Last night, nine candidates for the Democratic nomination for president participated in a “Power of Our Pride,” a town hall event hosted by the Human Rights Campaign Foundation and CNN. It’s not the first time the HRC has hosted a town hall of this sort; they sponsored similar town halls in 2004 and 2008. Nor is it the first time candidates were quizzed on LGBT issues during this campaign: a majority of the candidates from last night also participated in the GLAAD LGBTQ forum last month. But thanks to CNN’s role as a broadcast partner, last night’s town hall was probably provided the largest audience ever for a protracted discussion of LGBTQ issues in history.
+ Cory Booker – Senator from New Jersey [ LGBT agenda ][ Pride Gear ]
+ Joe Biden – Former Vice President
+ Pete Buttigieg – Mayor of South Bend, Indiana [ LGBT agenda ][ Pride Gear ]
+ Elizabeth Warren – Senator from Massachussetts [ LGBT agenda ][ Pride Gear ]
+ Kamala Harris – Senator from California [ LGBT agenda ][ Pride Gear ]
+ Beto O’Rourke – Former Congressman from Texas’ 16th district [ LGBT agenda ][ Pride Gear ]
+ Amy Klobuchar – Senator from Minnesota [ Pride Gear ]
+ Julián Castro – Former Secretary of Housing and Urban Development [ LGBT agenda ][ Pride Gear ]
+ Tom Steyer – Businessman
Two candidates who were eligible to participate, under the DNC’s qualifying rules, but did not, were: Sen. Bernie Sanders and Former Tech Executive Andrew Yang. Sanders had originally committed to the event but, after suffering a heart attack and the tragic death of his daughter-in-law, he withdrew.
Because of the DNC rules, constituent groups like HRC, GLAAD, March for our Lives, et. al. are prohibited from hosting debates between the candidates, so last night, each candidate was offered 30 minutes to entertain questions from CNN anchors and a studio audience. Here were my six takeways from last night’s town hall forum:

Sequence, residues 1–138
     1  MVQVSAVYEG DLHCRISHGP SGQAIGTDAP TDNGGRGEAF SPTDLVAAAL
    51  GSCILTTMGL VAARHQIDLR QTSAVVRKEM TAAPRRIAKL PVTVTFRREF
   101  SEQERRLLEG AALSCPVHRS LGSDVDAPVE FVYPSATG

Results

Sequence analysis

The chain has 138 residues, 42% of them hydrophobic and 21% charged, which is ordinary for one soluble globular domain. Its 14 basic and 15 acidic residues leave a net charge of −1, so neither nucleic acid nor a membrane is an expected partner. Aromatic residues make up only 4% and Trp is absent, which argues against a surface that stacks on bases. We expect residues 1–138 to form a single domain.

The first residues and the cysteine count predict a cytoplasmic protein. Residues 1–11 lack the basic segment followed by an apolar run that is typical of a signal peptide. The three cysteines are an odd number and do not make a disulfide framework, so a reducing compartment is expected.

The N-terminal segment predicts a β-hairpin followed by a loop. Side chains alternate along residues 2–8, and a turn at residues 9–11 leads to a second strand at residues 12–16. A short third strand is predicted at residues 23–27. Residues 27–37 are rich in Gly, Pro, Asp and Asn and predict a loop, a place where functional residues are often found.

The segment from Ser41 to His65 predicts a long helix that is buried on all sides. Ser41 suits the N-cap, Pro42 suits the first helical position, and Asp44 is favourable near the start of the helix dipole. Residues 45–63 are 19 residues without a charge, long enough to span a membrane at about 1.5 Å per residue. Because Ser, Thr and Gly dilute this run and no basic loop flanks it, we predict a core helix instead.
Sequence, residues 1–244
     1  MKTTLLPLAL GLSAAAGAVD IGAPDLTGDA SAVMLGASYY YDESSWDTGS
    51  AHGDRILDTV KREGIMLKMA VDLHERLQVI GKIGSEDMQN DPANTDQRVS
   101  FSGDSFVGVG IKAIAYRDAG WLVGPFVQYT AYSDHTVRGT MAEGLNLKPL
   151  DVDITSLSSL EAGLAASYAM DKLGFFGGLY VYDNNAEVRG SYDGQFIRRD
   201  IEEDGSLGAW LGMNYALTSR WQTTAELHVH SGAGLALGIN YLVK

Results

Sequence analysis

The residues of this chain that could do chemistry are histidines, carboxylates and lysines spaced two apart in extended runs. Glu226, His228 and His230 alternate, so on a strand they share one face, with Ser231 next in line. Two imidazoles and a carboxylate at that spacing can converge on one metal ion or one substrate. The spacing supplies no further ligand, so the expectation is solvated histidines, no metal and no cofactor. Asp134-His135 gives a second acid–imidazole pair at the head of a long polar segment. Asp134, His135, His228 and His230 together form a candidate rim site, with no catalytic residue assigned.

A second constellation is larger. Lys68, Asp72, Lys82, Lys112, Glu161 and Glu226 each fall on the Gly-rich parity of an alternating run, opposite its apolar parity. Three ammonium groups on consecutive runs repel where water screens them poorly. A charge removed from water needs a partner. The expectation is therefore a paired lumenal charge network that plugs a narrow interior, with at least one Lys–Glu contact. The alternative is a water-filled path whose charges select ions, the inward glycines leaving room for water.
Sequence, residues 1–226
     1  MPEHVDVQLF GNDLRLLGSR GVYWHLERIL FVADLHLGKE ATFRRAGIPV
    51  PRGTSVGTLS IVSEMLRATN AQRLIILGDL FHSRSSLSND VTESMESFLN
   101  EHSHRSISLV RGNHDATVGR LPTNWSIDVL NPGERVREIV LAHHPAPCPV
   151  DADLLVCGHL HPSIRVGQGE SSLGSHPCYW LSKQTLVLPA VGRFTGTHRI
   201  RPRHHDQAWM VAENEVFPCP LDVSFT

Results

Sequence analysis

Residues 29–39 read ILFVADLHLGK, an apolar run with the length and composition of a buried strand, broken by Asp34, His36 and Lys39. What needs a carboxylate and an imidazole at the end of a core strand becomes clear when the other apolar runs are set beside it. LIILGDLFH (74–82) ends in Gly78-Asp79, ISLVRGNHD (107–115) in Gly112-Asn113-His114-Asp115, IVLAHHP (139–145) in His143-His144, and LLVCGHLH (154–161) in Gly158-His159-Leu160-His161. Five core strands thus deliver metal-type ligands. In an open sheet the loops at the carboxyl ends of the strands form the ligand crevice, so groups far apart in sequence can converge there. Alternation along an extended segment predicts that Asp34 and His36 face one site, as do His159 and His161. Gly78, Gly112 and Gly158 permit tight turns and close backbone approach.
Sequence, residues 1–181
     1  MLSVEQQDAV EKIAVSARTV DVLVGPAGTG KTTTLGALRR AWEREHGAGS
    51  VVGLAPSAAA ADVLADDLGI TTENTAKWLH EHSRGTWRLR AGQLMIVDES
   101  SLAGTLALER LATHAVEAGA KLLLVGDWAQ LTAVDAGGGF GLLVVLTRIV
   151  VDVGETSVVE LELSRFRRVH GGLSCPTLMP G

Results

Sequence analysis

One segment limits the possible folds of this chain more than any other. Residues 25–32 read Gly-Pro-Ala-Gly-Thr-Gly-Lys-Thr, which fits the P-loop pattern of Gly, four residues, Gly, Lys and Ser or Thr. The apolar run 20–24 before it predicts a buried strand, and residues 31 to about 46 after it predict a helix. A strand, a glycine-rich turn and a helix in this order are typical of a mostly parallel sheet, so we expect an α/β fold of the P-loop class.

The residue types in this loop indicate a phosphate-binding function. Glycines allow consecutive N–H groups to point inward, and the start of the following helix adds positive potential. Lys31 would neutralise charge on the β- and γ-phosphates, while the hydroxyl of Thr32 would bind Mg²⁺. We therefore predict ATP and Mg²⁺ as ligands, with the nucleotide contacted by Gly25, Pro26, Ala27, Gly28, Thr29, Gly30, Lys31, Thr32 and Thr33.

1. Let Black Trans Women Speak for Themselves
Back in 2014, then-HRC president Chad Griffin gave the keynote speech at the Southern Comfort Conference — one of the largest gatherings of transgender people in the world — and offered an apology. He said, “HRC has done wrong by the transgender community in the past, and I am here to formally apologize. I am sorry for the times when we stood apart when we should have been standing together.” And while it’s hard to know with whom to affix blame — CNN or HRC — the exclusion of black trans women from last night’s forum felt a lot like not much had changed with respect to integrating the voices of the trans community into our dialogue on trans issues.
Let’s be clear about something: trans issues came up frequently last night. Stats about the tragic deaths of black trans women came up so often in fact, that when a candidate misspoke about the number, the audience was able to correct them in a singsong manner. There were trans people who asked questions, including Gavin Grimm and young trans kids with their parents. But even as candidate after candidate brought up the epidemic of violence against black transwomen, the town hall went hours without recognizing a black trans woman to speak.
Trans activist and commentator Ashlee Marie Preston was, initially, slated to ask a question but had that opportunity withdrawn prior to the town hall. Multiple times during the town hall — but most notably during Buttigieg and O’Rourke’s segments — black and brown trans activists erupted in protest.
“Black trans women are being killed in this country. Black trans women are dying and our lives matter. Not one black trans woman or man has been given the mic tonight,” trans activist and actress Blossom C. Brown shouted.
And while Shea Diamond would eventually get to ask a question, it was hard to watch last night’s town hall and feel like we’re still a community talking at trans women of color and not to them. We cannot continue to have conversations about the violence impacting trans women without listening directly to trans women.